nathan slobodkin

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  1. First and foremost get the bark off before bringing it into your shop!! Commercial log sealers such as "Anchorseal" available from logging supply companies are very effective and can be used by dipping the ends of the billets or applied with a brush or even sprayed if you have lots to do. I have cut mostly maple and after the ends are sealed I stack "log cabin style" and then blow gentle cool air through the stacks for an hour or so to get the surface water off. On maple you see an immediate color change that tells you the surface is dry. I don't know if that step is required for spruce. Then storing in an unheated dry area where it won't freeze for several years and only then into the shop itself.
  2. Absolutely! I think many players have never seen or felt properly fitted friction pegs and think they are hard to use. If the pegs are properly fitted, dressed yearly and used properly then they are as good or better than any mechanical peg I have ever seen. There is a skill to using them which must be learned and if someone has snapped strings due to tight pegs they are turning in the wrong direction! Always loosen the peg by going down in pitch and then press in slightly as you go back up so that the peg stops at the correct note. Another issue is that they work so well that players don't have to use them much and they will sometimes become out of round if they are not moved for long periods of time.
  3. Hi Martin What about with Fleur de Lys ? Does the indiviual maker make a difference in value? Also what is current status of their non -wood frogs?
  4. I really can't see the gap from the photos on my ancient computer. If this was one of my instruments I would probably make another top but if you are a student who is not going to sell the instrument perhaps cleat it, finish it and be more careful with the joint next time. I always check my joints dry with just one clamp at the center using a strong light and magnification to check both sides. Without glue it is easy to see if they are not perfect.
  5. If the bass bar is coming loose I would replace it using modern specs. If it wasn't coming loose however I would want to hear the violin before deciding to change it. I agree with Doug that the varnish looks fire damaged but believe there are some varnishes which did this on their own.
  6. No, and can cause buzzing besides. How long is the gap in the joint? Cleats are cheap insurance on any joint and seem to have no effect on sound. If the gap is really short you can use a some what wider cleat covering the gap and then regularly spaced cleats along the rest of the joint. Be careful to position the cleats so that they don't get in the way of fitting the post. Needless to say it is better to find out if your joint is bad while it is still possible to do it over if necessary. If you examine the joint under magnification you should be able to see any suspicious areas and can take a thin shaving across the joint and see if you can separate the shaving at the joint. If you can then the joint is not tight or the glue is too weak.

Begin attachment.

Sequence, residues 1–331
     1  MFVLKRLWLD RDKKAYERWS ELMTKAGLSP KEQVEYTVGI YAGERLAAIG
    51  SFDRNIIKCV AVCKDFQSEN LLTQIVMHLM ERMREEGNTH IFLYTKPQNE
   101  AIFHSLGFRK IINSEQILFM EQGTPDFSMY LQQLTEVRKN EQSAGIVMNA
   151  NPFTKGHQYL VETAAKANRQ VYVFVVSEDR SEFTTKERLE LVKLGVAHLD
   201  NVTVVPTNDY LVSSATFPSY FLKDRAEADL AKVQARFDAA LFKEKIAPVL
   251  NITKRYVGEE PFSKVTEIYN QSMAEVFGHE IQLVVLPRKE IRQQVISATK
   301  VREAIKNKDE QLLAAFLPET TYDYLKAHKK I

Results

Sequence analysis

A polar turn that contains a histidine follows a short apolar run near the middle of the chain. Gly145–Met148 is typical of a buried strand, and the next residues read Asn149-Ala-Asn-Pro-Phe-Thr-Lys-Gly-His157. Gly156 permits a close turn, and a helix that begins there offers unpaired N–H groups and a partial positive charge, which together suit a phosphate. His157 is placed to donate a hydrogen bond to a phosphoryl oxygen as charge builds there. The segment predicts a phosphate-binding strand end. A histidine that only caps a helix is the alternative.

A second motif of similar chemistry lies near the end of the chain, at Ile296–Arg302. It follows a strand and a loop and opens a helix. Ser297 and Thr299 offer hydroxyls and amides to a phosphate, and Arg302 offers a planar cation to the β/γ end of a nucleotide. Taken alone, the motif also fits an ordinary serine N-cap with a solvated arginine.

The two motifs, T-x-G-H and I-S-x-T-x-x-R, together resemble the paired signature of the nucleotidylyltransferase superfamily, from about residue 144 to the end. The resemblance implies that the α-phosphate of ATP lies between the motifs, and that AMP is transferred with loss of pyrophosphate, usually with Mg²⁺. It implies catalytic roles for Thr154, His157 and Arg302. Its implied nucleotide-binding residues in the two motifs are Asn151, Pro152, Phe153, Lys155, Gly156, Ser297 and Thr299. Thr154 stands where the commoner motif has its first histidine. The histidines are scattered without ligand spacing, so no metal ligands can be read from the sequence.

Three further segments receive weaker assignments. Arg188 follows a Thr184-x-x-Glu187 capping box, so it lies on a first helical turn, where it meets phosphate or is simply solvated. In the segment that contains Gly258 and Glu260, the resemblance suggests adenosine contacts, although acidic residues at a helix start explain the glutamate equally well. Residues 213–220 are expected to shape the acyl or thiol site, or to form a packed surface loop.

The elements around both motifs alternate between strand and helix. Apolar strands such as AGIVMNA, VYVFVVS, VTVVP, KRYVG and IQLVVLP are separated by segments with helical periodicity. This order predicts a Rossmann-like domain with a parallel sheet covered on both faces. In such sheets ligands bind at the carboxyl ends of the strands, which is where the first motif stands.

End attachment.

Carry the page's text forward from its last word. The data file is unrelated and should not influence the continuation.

7. Having reached the age where I am starting to slow down physically while demand for my instruments and services continue to grow I am considering how to keep up with the work and also the eventual fate of my shop. Have other people had experience with apprentices in the shop? I have had many dilettantes ask to work with me for short periods of time but I would need some one who already had enough skills to be useful and yet be willing to learn, show up for work on time and stay long enough to make the whole thing worth while . I myself learned through 8 years of subsistence wage apprenticeship but most people today seem to learn at schools and then aspire to careers as restorers in a big city Strad dealership. Due to the need of a large stock of high quality aged wood to make artist quality instruments establishing a violin shop from scratch as I did required decades of work and investment and I would be sad to see it eventually broken up or inherited by people with no interest in the trade. If anyone has experience on either side of the apprentice/teacher relationship or the passing on of a violin business I would value comments.
  8. I think many craftsman were and are aware of classical geometry and had relatively simple ways to produce useful shapes.
  9. I agree. In fact I'll volunteer to try out the plans if they are available.
  10. Isn't there a small cello by Strad as well? I am remembering perhaps an inlaid instrument?
  11. The usual approach to those kind of knocks and scratches is to minimize the contrast in color by touching any really white wood with a little color of the lightest shade to be found on the instrument. Then leave them alone. If there were only one nick on an otherwise pristine and yet unsold new instrument then I might try to hide it.
  12. So any thoughts about the original stringing or denomination of the 710 mm bodied, probably English instrument I was enquiring about? Also, am I right in assuming a "bass violin" would have been strung GDAE?
  13. What is a cello piccolo ? I am trying to find information about a very early cello (?) with a body length of 710 mm. I have never made any "early Music" instruments and am a bit perplexed by references to Bass Violins and other instruments which I assume were transitions between the viol family and the violin family. Any info appreciated.